“It’s nice to meet you,” he says, extending that same hand, one without a single blemish or scar.

I fight the urge to whip my own hands behind my back, out of sight. I gulp a breath and shake his hand, breaking contact the second it’s polite (okay, maybe a couple of seconds before it’s polite). I try not to stare too hard at Malcolm, so I let my gaze travel the kitchen, the dining alcove. No ghosts here. I’d be surprised to find even the weakest sprite. And certainly, my grandmother isn’t in residence.

That leaves me alone with Malcolm—and the tea-scented suspicion about where all my business is going.

* * *

When I walk into Springside Long-term Care, the first thing I see is Malcolm standing in the center of the common area, enchanting all the residents, the gold-plated samovar glowing on a side table next to him. I freeze, so every time the automatic doors try to close, they bounce back open again. This draws attention. I sigh, give up my plan to sneak out, and step forward to meet the facility manager.

“Oh, Katy,” she says, a flush rising up her neck, “I meant to call, so you wouldn’t make the trip out here.” She waves a hand at Malcolm. “He offered a “try before you buy” and well … the residents just love him.”

Or at least most of the female ones do. They gather around Malcolm and his shiny, shiny samovar, their oohs and ahhs mixing with the scented steam.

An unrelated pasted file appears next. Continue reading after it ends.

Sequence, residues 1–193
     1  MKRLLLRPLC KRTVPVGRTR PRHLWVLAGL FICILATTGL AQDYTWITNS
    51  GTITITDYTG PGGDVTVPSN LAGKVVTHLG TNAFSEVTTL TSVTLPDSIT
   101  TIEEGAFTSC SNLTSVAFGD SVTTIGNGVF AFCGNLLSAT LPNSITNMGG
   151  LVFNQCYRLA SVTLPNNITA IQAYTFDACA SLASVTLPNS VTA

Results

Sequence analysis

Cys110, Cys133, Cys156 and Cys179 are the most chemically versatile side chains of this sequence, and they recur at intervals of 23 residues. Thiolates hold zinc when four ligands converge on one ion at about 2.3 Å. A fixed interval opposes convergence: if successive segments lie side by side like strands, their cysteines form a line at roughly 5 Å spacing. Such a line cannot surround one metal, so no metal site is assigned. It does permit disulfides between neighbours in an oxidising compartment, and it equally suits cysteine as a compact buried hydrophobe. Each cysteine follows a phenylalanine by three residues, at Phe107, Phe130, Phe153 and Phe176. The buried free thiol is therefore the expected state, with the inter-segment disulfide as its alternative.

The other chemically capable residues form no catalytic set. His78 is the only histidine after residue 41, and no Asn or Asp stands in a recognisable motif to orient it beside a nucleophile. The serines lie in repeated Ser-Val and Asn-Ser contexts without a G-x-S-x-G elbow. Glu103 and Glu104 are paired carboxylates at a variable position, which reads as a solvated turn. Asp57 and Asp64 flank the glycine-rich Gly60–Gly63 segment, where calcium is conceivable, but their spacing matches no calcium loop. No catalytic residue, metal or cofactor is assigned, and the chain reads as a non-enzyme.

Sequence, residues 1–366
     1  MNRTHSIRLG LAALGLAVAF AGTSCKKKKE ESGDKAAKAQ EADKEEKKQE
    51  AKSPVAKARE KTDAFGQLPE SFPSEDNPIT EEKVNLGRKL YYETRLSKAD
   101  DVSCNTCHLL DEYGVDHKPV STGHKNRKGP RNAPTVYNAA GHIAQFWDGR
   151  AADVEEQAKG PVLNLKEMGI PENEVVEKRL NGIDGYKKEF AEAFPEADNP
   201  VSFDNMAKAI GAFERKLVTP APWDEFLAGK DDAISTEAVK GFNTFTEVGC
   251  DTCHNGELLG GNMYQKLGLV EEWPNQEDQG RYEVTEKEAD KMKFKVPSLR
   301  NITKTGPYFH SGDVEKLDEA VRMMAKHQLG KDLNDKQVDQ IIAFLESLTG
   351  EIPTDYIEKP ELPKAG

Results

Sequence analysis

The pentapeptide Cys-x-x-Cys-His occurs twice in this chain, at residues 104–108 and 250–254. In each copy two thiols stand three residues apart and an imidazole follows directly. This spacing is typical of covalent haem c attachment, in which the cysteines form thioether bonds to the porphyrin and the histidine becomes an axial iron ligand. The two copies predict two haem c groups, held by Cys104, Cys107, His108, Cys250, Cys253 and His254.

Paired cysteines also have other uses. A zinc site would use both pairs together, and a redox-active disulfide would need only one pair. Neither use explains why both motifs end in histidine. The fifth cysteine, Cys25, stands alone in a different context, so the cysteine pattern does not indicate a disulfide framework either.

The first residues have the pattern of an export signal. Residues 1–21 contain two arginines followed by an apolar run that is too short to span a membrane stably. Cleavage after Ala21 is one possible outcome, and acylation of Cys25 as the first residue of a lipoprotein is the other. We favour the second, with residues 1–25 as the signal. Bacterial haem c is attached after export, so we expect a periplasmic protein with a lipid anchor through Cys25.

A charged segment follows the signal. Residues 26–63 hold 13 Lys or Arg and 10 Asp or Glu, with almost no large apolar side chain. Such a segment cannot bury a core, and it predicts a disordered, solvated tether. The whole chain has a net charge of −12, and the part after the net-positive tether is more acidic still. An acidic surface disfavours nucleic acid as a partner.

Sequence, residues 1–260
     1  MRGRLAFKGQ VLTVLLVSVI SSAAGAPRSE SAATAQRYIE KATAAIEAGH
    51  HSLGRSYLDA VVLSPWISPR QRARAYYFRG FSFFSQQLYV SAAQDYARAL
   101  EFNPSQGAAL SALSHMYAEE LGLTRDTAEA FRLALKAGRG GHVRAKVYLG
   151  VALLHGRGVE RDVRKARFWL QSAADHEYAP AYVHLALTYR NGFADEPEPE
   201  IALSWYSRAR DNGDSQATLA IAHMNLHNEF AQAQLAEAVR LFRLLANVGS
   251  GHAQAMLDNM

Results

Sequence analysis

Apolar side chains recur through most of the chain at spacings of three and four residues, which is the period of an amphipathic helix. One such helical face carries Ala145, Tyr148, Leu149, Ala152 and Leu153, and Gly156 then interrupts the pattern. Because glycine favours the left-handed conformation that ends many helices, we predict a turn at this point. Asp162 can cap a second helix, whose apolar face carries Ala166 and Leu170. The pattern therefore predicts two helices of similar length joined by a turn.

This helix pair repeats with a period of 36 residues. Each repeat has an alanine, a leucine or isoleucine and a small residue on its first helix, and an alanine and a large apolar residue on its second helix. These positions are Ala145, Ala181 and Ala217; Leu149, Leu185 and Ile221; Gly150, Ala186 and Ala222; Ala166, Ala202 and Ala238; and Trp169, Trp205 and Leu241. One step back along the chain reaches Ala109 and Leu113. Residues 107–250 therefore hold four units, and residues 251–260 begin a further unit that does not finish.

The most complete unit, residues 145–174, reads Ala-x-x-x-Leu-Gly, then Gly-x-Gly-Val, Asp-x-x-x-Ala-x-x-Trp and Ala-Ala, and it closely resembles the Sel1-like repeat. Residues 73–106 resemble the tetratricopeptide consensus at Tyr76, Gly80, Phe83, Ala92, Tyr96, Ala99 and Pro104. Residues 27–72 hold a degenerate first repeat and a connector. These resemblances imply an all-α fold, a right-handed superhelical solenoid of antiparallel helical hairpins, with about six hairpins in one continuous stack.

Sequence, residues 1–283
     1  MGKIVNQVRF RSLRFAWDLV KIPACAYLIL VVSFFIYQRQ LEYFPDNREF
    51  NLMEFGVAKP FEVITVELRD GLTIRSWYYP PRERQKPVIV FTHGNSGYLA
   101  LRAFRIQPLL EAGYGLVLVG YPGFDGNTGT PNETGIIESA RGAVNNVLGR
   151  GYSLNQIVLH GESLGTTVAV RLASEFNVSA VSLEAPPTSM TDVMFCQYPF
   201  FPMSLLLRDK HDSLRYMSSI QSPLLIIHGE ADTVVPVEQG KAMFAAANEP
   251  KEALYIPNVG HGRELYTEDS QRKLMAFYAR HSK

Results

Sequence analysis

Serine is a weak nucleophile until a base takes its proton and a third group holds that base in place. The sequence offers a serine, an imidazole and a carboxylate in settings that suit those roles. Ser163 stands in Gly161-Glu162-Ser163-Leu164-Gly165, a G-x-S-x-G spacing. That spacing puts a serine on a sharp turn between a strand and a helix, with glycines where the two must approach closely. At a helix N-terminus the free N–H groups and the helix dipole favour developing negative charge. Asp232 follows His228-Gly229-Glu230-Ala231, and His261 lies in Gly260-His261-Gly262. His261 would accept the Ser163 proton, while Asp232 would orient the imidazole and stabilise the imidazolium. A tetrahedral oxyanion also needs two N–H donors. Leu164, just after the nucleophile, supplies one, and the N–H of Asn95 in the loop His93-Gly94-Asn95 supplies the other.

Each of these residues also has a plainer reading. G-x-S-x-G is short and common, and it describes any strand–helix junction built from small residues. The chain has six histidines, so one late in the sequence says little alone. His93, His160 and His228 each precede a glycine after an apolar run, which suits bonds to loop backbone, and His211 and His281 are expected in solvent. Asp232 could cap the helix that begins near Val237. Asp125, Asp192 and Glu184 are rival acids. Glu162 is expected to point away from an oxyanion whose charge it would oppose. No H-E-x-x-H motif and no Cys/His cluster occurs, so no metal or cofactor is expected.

I don’t point out that Springside is—and always has been—a gratis account. Older people, my grandmother always said, are haunted by many things. It’s only right that we chase some of their ghosts away.

I’m backing toward the door, willing myself not to inhale a hint of rose petal and saffron, when a bony hand grips my wrist. The percolator crashes to the floor, adding one more dent to its history.

“Katy-girl, are you going to let him get away with that?” Mr. Carlotta nearly growls the words. He may hold the world’s record for longest unrequited crush, in his case, on my grandmother. Even now, sorrow lines his eyes. His fingers tremble against my wrist.

“What can I do?” I wave my free hand toward Malcolm. “He’s so flashy.”

“More like a flash in the pan. Mark my words.”

A part of me grabs onto what Mr. Carlotta says. Be patient. Business will pick up the second it’s clear you can’t catch ghosts with tea. Because honestly, who ever heard of that? My practical side—the side that pays the property taxes and utility bills—wonders if the local coffee shop is hiring.